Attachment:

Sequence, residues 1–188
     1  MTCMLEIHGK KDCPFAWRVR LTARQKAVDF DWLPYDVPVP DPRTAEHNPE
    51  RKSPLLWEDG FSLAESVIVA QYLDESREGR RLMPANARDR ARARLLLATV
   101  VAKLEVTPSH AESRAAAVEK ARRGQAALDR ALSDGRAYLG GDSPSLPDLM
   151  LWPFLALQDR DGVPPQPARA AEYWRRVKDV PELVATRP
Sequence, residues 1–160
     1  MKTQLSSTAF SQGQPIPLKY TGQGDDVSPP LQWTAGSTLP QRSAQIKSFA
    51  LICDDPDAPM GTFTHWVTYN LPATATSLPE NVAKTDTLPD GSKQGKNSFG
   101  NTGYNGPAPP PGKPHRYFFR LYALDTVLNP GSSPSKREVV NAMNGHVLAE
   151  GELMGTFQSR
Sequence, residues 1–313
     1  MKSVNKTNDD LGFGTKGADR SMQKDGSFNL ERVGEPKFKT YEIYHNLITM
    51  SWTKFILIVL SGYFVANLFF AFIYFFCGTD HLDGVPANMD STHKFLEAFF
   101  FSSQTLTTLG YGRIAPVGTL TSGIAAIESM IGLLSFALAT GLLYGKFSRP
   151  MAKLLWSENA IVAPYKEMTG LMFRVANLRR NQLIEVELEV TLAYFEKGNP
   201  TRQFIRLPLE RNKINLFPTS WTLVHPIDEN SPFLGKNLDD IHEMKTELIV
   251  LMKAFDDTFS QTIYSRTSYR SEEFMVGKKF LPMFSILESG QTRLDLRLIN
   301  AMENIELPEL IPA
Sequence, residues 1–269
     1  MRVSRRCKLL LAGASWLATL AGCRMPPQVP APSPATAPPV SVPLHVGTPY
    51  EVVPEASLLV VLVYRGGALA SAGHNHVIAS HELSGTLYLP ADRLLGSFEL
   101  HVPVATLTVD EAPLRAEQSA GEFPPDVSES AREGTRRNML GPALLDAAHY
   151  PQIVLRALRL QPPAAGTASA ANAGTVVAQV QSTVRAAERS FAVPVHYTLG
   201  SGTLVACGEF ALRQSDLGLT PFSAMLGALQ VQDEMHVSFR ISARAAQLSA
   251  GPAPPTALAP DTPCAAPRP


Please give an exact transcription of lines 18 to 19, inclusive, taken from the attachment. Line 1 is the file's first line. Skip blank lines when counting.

   301  AMENIELPEL IPA
Sequence, residues 1–269